Sandpaper grit, although I only went to 1000 grit, after a few sections it would have been closer to 2000 grit, all the grits apart from 60 and 80 wore down a bit, after the 1st section you have doubled the grits you have, if you give it a try you will see. The Mira Dust is used on its own, dampen a smooth rag dip it into the dust and rub with your index finger, it is the same as doing silvering, you just rub a bit harder. wash off the marble with a wet rag, let dry and use the boot polish to finish, amazing what the boot polish makes it come up like.
 

T.Cu

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Thanks, might get some of that mira dust just for fun. I have used wet sanding at finer grits, (starting at 320 and going up to like 2000), when something is in pretty bad shape and it won't just make matters worse to try it. I can get it (stone) smooth but not very shiny.
To give the stone a nice waxed look, but not too shiny, I have used Howard's "Feed n Wax" (not their Restor-a-finsh), which is a liquid beeswax sort of thing. It vapors off after a few days and just "looks nice". But it's not too shiny after a few days though, if you are after a real shine.
It is good for "thirsty" old wood, I think. But I have used it on black Belgian stone and it makes it look far better, gives it back the wet black look. It will not last as long as a paste wax though, but I fancy it's good for the stone to get some re-hydration of sorts. Which, I think, probably makes no sense :)
The reason I started using it is that paste waxes are very hard to buff on these irregular surfaces, seems to me. Hard enough with the liquid wax to get behind the columns etc. The stuff has no silicone.
I made my own beeswax and turpentine mixture once, didn't love using it though.
I also have used Citrishield paste wax and Briwax too. Nice stuff and far nicer to work with than the old "Johnson's Floor Wax" sort of stuff I used to try to use.
Thanks for the information and great job on your clock... Tim
 

JimmyOz

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Okay, I had a couple of days to get to that American slate clock, mind you it was a lot worse than I thought. Anyway it took about 6 hours to do the case, however I did not give it as much attention as the 2 above as I have no interest in it.

Before I started I noticed that the engraving is a lot shallower than the French, therefore I started with 120 grit so not too sand out the lines (did a couple though). Anyway same procedure as the French cases, just started with a finer grit and it works just as well so I might just stick with that if I ever do another one. Maybe the admin could change the heading to include American Slate clock as well? Pictures attached, I need to get better at taking photos as these things are a nightmare to photograph.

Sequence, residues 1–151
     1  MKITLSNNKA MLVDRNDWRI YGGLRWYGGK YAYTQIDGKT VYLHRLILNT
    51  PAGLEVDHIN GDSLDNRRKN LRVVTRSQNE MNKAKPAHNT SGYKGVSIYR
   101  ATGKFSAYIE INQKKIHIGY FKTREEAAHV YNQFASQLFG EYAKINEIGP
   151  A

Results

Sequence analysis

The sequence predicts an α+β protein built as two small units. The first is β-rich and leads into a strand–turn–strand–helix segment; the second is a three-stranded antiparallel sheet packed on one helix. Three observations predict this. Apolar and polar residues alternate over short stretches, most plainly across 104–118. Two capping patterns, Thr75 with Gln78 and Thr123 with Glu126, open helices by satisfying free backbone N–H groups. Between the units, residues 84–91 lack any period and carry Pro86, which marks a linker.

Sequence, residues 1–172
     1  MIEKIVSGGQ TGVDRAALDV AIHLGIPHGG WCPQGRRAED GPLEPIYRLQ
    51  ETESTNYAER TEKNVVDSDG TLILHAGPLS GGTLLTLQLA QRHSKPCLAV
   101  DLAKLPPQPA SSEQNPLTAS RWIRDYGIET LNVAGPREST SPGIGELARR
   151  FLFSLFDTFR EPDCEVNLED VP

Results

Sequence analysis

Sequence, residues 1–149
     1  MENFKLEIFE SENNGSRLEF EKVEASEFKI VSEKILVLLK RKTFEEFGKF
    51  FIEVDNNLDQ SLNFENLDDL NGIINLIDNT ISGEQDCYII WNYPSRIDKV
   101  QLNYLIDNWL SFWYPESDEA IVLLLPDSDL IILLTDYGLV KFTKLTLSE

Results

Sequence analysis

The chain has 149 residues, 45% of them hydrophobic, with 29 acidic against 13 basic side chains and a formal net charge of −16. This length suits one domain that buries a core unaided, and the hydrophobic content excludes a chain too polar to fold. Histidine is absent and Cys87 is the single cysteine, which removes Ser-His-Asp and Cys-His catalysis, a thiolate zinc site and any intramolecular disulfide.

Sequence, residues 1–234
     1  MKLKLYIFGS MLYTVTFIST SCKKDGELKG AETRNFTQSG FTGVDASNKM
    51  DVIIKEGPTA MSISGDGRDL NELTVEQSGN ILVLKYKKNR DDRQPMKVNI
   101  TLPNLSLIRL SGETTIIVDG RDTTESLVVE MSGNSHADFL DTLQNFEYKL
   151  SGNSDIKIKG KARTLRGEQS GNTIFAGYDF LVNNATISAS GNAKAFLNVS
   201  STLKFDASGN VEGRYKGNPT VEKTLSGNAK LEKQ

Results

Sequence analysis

CIMG1484.jpg CIMG1485.jpg CIMG1486.jpg CIMG1501.jpg CIMG1502.jpg CIMG1503.jpg
 
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T.Cu

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Beautiful!
 

Willowind

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I’m impressed. I have two slate clocks that need similar attention. Thanks for sharing!
Great job. Gives me the motivation to press onward.
 

PatH

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Beautiful results! At what point in the process, and how, did you enhance the engraved lines? Thanks for sharing your process, progress and results.
 

JimmyOz

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Hi
I love what you have done to your clock, I have had some good results with Priory slate blacking in the UK. They did a really good article here
How To Restore A Black Slate Clock - Priory Polishes
with a step by step video that is very helpful. With my engraving lines, I used masking tape cut into very fine lines but it was quite simple, not as intricate as your clock.
I must have missed this post, sorry.
I had a look at the website and it seems to work to a degree, I looked at the photos and could still see the bleaching next to the pillar after the clock was finished. I am not having a go at the finish, it looks okay, however having worked as an antique furniture restorer, the hard way is always the right way, short cuts were not allowed. These slate/marble clocks are not worth much and it is fine to use other ways, I am all for it, however I wanted to do it as it looked originally, it added to my skill base.
 
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It does look fantastic what you have done and the traditional way is usually the best way, you just need more time to complete your work. Its always good to add onto your skill base :)